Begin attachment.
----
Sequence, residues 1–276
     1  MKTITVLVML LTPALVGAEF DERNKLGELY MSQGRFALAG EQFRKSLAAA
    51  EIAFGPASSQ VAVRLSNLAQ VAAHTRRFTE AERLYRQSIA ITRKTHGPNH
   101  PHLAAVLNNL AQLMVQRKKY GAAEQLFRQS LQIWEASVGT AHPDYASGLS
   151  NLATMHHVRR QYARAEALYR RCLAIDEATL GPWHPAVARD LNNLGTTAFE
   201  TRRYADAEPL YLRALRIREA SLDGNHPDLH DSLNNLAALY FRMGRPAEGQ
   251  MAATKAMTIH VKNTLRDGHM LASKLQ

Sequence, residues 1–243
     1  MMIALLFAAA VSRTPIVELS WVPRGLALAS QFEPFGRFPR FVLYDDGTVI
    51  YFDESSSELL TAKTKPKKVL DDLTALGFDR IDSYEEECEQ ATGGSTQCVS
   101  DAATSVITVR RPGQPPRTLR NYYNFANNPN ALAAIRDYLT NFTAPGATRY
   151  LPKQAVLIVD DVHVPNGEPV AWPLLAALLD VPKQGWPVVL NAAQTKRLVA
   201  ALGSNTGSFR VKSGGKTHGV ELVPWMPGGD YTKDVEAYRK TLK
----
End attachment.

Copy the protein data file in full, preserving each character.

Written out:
Sequence, residues 1–276
     1  MKTITVLVML LTPALVGAEF DERNKLGELY MSQGRFALAG EQFRKSLAAA
    51  EIAFGPASSQ VAVRLSNLAQ VAAHTRRFTE AERLYRQSIA ITRKTHGPNH
   101  PHLAAVLNNL AQLMVQRKKY GAAEQLFRQS LQIWEASVGT AHPDYASGLS
   151  NLATMHHVRR QYARAEALYR RCLAIDEATL GPWHPAVARD LNNLGTTAFE
   201  TRRYADAEPL YLRALRIREA SLDGNHPDLH DSLNNLAALY FRMGRPAEGQ
   251  MAATKAMTIH VKNTLRDGHM LASKLQ

Sequence, residues 1–243
     1  MMIALLFAAA VSRTPIVELS WVPRGLALAS QFEPFGRFPR FVLYDDGTVI
    51  YFDESSSELL TAKTKPKKVL DDLTALGFDR IDSYEEECEQ ATGGSTQCVS
   101  DAATSVITVR RPGQPPRTLR NYYNFANNPN ALAAIRDYLT NFTAPGATRY
   151  LPKQAVLIVD DVHVPNGEPV AWPLLAALLD VPKQGWPVVL NAAQTKRLVA
   201  ALGSNTGSFR VKSGGKTHGV ELVPWMPGGD YTKDVEAYRK TLK